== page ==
Allergies v.s. Sensitivities with Dr. Holly Lucille, NMD

By Adem Lewis / in , , , , , , , , , , , , , , , , , , , /

Gluten-free! Dairy free! Nut free! Sugar free! You name it these diets are almost everywhere you look. But not everyone with special dietary needs has the same reaction to their offending foods. What’s the difference between being allergic to food, and being sensitive or intolerance to it? Well, I’m here to tell you. Hi folks. Dr. Holly Lucille here from NP TV. Food allergies and food sensitivities can have similar symptoms, but let me tell, you they are very different conditions. The key difference is mainly the body’s response. Symptoms of food intolerance can include things like: nausea, gasps, cramps, abdominal pain, diarrhea, irritability, nervousness, or even headaches. If you have a sensitivity or intolerance, the reaction is largely triggered in the digestive system. Now, food sensitivities they really are very common and can occur for several different reasons. Such as, not having the right enzymes needed to completely digest a certain food. You could also have a reaction to the additives that are putting food products
like sulfites or artificial colors. Or be susceptible to pharmacological factors like having a sensitivity to caffeine or other chemicals. There could even be a psychological factor. Like an extreme dislike of certain foods that can give you a sensitivity. A food allergy though, this happens when the body’s immune system, which normally fight infections sees the particular food as an invader. This leads to an allergic reaction – A response from the immune system in which chemicals like histamine are released in the body. The reaction can be very severe and causes symptoms like: breathing problems, throat tightness, hoarseness, coughing, vomiting, abdominal pain, hives, swelling, a drop in blood pressure or even anaphylaxis So unlike a food intolerance or sensitivity, food allergies can be fatal, and in extreme cases ingesting or even touching a small amount of the allergen can produce an intense reaction that might require medical intervention. Now, if you have a known food allergy you should always be prepared by wearing appropriate identification noting the allergy, and perhaps carry an EpiPen in case of emergencies. If you struggle with food sensitivities, the great news is there’s so many things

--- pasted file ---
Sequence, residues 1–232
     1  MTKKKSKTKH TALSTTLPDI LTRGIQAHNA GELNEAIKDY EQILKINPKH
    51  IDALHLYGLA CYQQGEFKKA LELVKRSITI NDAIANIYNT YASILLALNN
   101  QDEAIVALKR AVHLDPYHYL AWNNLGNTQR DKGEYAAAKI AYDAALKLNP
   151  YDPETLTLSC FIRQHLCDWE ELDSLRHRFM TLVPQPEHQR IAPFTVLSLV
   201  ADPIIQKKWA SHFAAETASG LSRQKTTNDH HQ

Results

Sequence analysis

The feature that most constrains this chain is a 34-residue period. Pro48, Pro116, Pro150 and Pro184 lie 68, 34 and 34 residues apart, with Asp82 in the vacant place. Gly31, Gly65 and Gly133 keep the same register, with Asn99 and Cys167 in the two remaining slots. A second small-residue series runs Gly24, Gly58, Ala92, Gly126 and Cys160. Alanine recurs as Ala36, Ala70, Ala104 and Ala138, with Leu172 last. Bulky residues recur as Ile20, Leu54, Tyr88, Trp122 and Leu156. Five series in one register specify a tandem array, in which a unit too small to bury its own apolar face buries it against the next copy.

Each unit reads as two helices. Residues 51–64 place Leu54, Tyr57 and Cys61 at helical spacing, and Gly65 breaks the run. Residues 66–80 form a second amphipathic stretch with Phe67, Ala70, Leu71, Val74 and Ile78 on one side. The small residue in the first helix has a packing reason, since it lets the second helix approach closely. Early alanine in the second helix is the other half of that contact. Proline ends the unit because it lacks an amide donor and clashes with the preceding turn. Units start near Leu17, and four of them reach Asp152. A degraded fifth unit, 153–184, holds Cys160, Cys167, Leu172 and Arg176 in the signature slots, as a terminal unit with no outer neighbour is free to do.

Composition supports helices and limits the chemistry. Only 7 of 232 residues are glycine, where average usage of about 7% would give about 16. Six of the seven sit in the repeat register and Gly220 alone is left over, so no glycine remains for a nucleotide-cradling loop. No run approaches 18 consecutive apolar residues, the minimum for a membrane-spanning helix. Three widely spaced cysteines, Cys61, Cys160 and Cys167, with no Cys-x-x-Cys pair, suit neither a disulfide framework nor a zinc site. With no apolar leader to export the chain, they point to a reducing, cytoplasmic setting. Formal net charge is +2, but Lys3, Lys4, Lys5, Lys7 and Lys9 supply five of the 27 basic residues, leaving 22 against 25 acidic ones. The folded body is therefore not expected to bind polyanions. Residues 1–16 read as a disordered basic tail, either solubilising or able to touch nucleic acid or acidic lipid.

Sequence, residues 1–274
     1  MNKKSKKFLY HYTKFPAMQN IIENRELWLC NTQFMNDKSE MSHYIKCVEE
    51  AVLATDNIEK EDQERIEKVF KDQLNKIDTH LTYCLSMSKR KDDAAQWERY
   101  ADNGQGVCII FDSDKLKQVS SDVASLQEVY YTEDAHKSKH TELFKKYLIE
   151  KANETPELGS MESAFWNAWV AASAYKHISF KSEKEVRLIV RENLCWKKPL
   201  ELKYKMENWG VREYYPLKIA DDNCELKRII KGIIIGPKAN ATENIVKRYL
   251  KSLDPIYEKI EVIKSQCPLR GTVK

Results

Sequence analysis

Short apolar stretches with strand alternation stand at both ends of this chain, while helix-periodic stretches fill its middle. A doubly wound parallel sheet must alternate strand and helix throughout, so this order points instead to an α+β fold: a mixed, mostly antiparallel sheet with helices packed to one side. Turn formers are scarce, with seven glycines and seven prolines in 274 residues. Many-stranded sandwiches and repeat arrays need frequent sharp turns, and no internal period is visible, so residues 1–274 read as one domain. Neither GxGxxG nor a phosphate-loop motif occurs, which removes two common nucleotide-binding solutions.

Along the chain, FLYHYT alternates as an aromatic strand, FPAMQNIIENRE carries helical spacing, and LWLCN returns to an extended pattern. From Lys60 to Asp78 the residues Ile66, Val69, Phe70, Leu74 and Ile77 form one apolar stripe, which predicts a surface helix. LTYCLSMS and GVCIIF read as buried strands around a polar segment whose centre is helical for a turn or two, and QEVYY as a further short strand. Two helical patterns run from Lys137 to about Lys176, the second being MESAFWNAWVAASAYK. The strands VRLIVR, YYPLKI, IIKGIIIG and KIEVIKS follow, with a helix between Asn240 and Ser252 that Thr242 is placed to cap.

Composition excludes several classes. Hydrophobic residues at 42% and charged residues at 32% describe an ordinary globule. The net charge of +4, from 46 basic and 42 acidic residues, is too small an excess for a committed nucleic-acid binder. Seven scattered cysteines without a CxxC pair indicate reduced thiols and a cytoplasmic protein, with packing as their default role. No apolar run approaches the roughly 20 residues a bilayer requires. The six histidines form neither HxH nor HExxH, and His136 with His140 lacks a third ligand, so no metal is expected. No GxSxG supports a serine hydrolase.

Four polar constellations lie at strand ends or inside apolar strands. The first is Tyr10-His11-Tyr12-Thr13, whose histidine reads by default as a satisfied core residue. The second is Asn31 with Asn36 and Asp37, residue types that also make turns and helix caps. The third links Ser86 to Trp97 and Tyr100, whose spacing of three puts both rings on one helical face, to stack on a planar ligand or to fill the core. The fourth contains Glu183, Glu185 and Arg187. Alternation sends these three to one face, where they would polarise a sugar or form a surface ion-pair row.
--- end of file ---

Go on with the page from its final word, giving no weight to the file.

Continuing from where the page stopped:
you can do about it. Consider a high quality targeted digestive enzyme, or better yet, partner with a qualified practitioner who can help you understand, test, and treat your body’s inappropriate response.

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